The novel depicts various several themes among them the various challenges that women face in their traditional families.
The book concerns the coming of age of Sara Smolinsky. The Smolinskys are desperately poor. The Five Smolinsky women struggling daily for simply enough money survive. Sara is the youngest of the Smolinsky daughters and narrator of the novel.
She is also the most fiercely independent of the four girls. More than anything, Sara wants to have a life of her own choosing. She is also very angry at his insincerity and the fact that he denies his daughters freedom of choice. Sara is interested in men with similar dedication as her father.
However, she also wants someone more understanding than Reb Smolinsky, and also a life companion who will recognize and value Sara for her own sake, not just as a wife and mother. Sara works hard to get what she wants, but her perpetual yearning for camaraderie and her propensity to idealize her circumstances often distracts her.
She hungers to find something, anything, which will move her. As a teenager, she thinks of becoming a teacher. Later, she discovers books that feed her mind on a day by day basis.
When she starts to understand what it might take to find an inner fire, the first thing she wishes to do is reveal it to her father, thinking he is the only one she knows that will really understand.
For Sara, knowledge is the only thing in the world that she wants. So, she devotes tremendous time and energy to obtaining it. As she learns more, Sara also sharpens her sense of outrage at the wrongs done by others.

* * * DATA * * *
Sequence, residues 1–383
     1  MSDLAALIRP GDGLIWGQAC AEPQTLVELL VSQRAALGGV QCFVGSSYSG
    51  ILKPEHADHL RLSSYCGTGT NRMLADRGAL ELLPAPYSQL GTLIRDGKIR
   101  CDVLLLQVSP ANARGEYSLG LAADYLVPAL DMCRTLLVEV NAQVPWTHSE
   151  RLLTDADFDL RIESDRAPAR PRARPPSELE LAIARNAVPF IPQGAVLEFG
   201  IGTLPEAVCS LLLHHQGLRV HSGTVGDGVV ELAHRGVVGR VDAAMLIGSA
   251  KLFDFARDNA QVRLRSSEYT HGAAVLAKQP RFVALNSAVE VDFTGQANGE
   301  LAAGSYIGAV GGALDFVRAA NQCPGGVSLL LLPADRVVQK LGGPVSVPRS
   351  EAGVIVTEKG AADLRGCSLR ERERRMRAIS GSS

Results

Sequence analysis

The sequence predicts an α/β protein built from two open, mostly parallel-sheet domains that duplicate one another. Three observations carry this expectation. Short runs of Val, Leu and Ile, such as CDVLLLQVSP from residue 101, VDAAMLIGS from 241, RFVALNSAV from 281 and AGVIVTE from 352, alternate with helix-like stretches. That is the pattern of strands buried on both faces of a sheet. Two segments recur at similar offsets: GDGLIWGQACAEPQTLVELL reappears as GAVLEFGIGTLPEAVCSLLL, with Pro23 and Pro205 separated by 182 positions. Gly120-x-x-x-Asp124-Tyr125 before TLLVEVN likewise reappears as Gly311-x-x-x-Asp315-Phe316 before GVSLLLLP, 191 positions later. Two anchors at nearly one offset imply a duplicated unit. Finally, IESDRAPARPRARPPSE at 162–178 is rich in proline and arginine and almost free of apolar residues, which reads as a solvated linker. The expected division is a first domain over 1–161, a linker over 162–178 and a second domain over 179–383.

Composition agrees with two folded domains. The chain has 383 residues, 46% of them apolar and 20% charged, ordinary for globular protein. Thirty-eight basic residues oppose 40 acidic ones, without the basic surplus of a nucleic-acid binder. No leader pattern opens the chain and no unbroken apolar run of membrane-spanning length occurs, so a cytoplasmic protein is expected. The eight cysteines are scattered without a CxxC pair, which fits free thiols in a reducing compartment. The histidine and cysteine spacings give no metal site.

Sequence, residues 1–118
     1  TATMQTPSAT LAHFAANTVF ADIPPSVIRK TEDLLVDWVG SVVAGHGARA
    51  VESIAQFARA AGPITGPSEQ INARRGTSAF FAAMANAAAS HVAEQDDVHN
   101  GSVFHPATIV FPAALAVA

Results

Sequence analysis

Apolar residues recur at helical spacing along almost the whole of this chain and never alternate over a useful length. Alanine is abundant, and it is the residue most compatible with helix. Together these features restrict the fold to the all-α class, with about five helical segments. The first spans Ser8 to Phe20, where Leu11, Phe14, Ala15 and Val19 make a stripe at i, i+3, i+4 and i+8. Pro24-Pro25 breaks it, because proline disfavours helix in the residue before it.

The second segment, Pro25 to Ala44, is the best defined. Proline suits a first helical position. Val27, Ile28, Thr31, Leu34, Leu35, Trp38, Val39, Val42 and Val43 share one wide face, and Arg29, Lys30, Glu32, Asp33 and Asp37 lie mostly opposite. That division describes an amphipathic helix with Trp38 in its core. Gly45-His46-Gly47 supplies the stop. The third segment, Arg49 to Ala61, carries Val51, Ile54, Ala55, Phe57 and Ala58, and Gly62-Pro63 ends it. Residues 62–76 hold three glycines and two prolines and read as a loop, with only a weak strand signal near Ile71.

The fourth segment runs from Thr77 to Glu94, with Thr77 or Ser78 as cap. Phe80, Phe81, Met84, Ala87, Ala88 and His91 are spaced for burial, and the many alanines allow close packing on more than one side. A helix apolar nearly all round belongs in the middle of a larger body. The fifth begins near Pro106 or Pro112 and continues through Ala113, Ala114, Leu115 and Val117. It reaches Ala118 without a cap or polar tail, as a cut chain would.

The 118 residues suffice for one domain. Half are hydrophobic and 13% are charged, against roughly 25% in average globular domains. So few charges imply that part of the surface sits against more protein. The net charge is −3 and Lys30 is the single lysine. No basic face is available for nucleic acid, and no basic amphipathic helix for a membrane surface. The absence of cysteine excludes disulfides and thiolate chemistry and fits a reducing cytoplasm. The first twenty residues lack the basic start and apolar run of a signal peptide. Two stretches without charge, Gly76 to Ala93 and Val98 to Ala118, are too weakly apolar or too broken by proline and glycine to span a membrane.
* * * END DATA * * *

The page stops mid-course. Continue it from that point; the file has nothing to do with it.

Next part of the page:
She protests at the restaurant when the cook serves her less food just because she is a woman. She is enraged with her feckless brothers-in-law because they hurt her sisters.
She also starts to hate her father when she understands the ways he has denied his daughters, her older sisters, lives of their own. This necessity to battle injustice also helps her resolve things with her father.Challenges That Sara Faces as a Woman in Bread Givers by Anzia Yezierska Bread Givers is a novel written by Anzia Yezierska in that chronicles the life of an immigrant Jewish girl living with the family in Lower East New York.
Anzia Yezierska explores this idea in her first novel Bread Givers. Critics agree that this is a semi-autobiographical book for Yezierska, with Sara most likely being her fictional proxy. In the Smolinsky family, the four daughters are the family bread winners, leaving their lazy father home to .
Reb Smolinsky. Having spent his entire life wrapped up in the study of the Torah and other holy books, Reb Smolinsky lives in his own private world of religious study, a world that is sometimes highly incompatible with the one in which the rest of his family lives.
Bread Givers study guide contains a biography of Anzia Yezierska, literature essays, quiz questions, major themes, characters, and a full summary and analysis. About Bread Givers Bread Givers . - In Anzia Yezierska’s novel entitled Bread Givers, there is an apparent conflict between Reb Smolinsky, a devout Orthodox rabbi of the Old World, and his daughter .
The characters in Bread Givers, from coarse pushcart clothing to their speech peppered with Yiddish expressions, are faithfully modeled upon the real immigrants of Yezierska’s own acquaintance.